When the UK's Green-Car-Guide got started in late 2006, the site's stated goal was to "end motorists' confusion about green cars." Well, considering everything that's happened in the last 18 months, I doubt everyone concerns have been fully addressed, but at least there's more information out there to let people figure out what vehicle might be right for them. If you'd like still more information, and you will be near Liverpool next week, you can see some energy-efficient vehicles on display at
Although there are some concerns about the range of an electric taxi for a city like London, Smith Electric Vehicles wants to prove that it can be made. Smith has announced, via its newsletter, an agreement with LTI Vehicles, the manufacturers of the iconic British taxis, to build a battery powered, zero emission urban taxi cab. Under the agreement, LTI and Smith will produce an all-electric version of LTI's TX4 black cab, branded the TX4E. First tests show that the vehicle can get up to 50mph a
The rumor has now been confirmed. Smith Electric Vehicles launched the Ampere electric van at the Commercial Vehicle Show in Birmingham NEC. If the Ampere looks like a Ford Transit Connect to you, nicely done. It's built on the Transit Connect chassis. The EVs specs are quite respectable: a 70mph maximum speed with a range "in excess" of 100 miles. It is powered by a 50kw motor and an under-slung lithium-ion battery pack, which leaves the van's full interior volume available for carrying capacit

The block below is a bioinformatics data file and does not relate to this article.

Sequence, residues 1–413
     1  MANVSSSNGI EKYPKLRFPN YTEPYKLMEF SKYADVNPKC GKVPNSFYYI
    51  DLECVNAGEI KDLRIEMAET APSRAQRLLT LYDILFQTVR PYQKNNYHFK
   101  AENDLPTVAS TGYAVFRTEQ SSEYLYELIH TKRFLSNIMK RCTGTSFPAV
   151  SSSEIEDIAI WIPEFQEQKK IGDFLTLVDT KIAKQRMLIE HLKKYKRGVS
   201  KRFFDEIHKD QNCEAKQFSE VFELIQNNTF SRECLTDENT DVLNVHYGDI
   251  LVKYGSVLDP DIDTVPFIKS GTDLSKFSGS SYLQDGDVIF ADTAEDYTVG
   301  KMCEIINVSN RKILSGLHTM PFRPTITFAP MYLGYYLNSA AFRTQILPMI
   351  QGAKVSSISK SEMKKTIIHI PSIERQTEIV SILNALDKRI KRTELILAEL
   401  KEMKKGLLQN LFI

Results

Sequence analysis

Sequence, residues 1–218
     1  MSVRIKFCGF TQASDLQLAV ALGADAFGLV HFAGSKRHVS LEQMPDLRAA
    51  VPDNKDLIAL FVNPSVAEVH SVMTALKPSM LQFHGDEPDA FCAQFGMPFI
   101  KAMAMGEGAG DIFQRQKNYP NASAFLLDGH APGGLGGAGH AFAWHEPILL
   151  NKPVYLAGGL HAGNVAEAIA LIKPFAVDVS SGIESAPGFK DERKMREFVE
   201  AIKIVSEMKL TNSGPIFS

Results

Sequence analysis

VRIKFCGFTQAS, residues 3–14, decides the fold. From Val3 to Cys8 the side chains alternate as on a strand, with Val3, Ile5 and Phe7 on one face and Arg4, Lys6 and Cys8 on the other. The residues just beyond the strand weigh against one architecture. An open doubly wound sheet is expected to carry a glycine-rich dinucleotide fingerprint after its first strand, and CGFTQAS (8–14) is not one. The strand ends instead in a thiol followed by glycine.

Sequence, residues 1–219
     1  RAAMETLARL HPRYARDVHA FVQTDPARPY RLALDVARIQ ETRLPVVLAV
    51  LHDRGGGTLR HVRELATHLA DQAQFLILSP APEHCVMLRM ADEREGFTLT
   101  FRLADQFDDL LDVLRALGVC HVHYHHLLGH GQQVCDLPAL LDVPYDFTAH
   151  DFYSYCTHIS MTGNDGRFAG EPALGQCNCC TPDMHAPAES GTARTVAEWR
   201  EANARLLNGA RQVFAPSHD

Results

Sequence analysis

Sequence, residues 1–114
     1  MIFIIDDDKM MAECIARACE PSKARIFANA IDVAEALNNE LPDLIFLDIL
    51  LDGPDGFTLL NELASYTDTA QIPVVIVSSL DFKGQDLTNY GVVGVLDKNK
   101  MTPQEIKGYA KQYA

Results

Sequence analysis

So, how is the EV-building business going? Just fine, if you ask any of the executives over at the Tanfield Group PLC. Expecting to surpass the £120 million mark in sales this year, the owner of the worlds oldest electric vehicle manufacturer, Smith EV, is "close to signing a deal on a new North-East factory" according to a story in today's edition of The Northern Echo. With this expansion they also expect to hire another 300 people. The company is going to need the extra employees and pro
Right next to the Modec booth at EVS23, Smith Electric Vehicles commanded a swath of floor space with their large Smith Newton electric truck. Mark Aubry, North American sales manager for Smith Electric Vehicles, was available for an interview and told AutoblogGreen about how these trucks could work for American companies. The official launch of these EVs in the U.S. was two days before we spoke.
Smith EV, which makes delivery vans and trucks in the UK and Europe, has finally announced its plans for the US: Up to 10,000 EV trucks will be built in a facility that "could be sited anywhere in North America, would require up to a 300 acre site, including a 500,000sq ft assembly facility, test track and space for rolling stock. It would create at least 500 jobs."
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